said, that 450 petitions had been presented in reference to the Bill, 330 of which were against the Bill, and only 120 in its favour. One of the petitions came from the Union of Stock port, the guardians of which had them selves petitioned against the Bill. With regard to the condition of the calumniated midland counties he might say that he had lived in every part of Leicestershire, and he did not know of any close parish where the poor were not well treated and pro vided with comfortable cottages and allotments. He knew of no instance in that county in which a parish had been de populated in order to drive the poor into the towns. He had no personal interest in the matter, for he occupied two farms on one of which he would be benefited and on the other injured by the measure. In his opinion a more thoroughly unjust, dishonest, and tyrannical Bill was never introduced for the benefit of the towns over the agricultural population of the country. In point of fact, in this in stance, the towns were the wolves and the country the lambs; and those who represented the towns were endeavouring to share the country among them. The labourers were employed by the towns people, and helped to make their fortunes; and it was not fair that they should after wards be thrown upon the country parishes. An enormous mass of petitions had been presented against the Bill, and it ought not to be passed without further inquiry. The Members for forty-one counties—Members sitting on each side of the House—had voted against the measure, and so strong an expression of opinion ought not to be disregarded by the House generally. It was not a question of party against party, but of town against country. The Chancellor of the Exchequer had declared that there was nothing more improper and mischievous than class legislation, and as that Bill would necessarily be class legislation the Chancellor of the Exchequer himself ought to vote with its opponents.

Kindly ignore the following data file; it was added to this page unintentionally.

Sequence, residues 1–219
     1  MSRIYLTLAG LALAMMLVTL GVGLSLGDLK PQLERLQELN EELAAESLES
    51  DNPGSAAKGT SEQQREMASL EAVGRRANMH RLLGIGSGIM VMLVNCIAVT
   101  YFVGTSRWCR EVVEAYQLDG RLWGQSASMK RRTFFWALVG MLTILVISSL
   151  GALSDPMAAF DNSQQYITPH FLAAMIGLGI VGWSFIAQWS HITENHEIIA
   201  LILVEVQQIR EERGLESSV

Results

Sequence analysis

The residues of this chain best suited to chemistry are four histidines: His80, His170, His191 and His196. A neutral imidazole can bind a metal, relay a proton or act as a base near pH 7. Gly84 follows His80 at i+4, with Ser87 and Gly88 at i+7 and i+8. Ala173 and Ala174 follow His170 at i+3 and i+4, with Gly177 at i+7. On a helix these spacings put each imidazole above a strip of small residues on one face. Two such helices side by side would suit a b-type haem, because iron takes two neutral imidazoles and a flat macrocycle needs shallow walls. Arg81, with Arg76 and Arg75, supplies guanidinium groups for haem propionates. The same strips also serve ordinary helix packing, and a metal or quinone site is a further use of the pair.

said, he always looked upon a Motion for further inquiry as an attempt to defeat a Bill; and as he was anxious to see the present measure passed he could not vote for the Amendment. But at the same time he should observe that if it were to receive the sanction of Parliament the Poor Law Board ought to take into their careful consideration the expediency of effecting a re-adjustment of the unions. He could state a case which would show the necessity for such a change. Northampton was a large and an improving town, consisting of about 30,000 inhabitants. The union of which it formed part, comprised, in addition, thirteen agricultural parishes. The poor rate in Northampton amounted, on the average, to about 4s. in the pound; the rate in those thirteen agricultural parishes amounted to about 1s. 6d. or 2s. in the pound. Under the present Bill, the in habitants of the town would evidently be relieved by their association with the agricultural parishes of the union in which, though the rates would be very much lower than 4s., they would still be much higher than those of agricultural parishes not united with a large town. Besides those thirteen parishes there were eight others adjacent, but not in the same union with the town of Northampton. Now, though those eight parishes, like the thirteen others, enjoyed all the advantages arising from proximity to a great town, they had not, like the thirteen, to pay for those advantages. Justice seemed to demand, therefore, that all the agricultural parishes should be grouped so that all within a certain area around a town should be included with it in the same union. What he had stated, in his opinion, proved the necessity of accompanying the present measure by a careful re-adjustment of the unions; and he hoped that matter would become a subject of serious attention to the Poor Law authorities.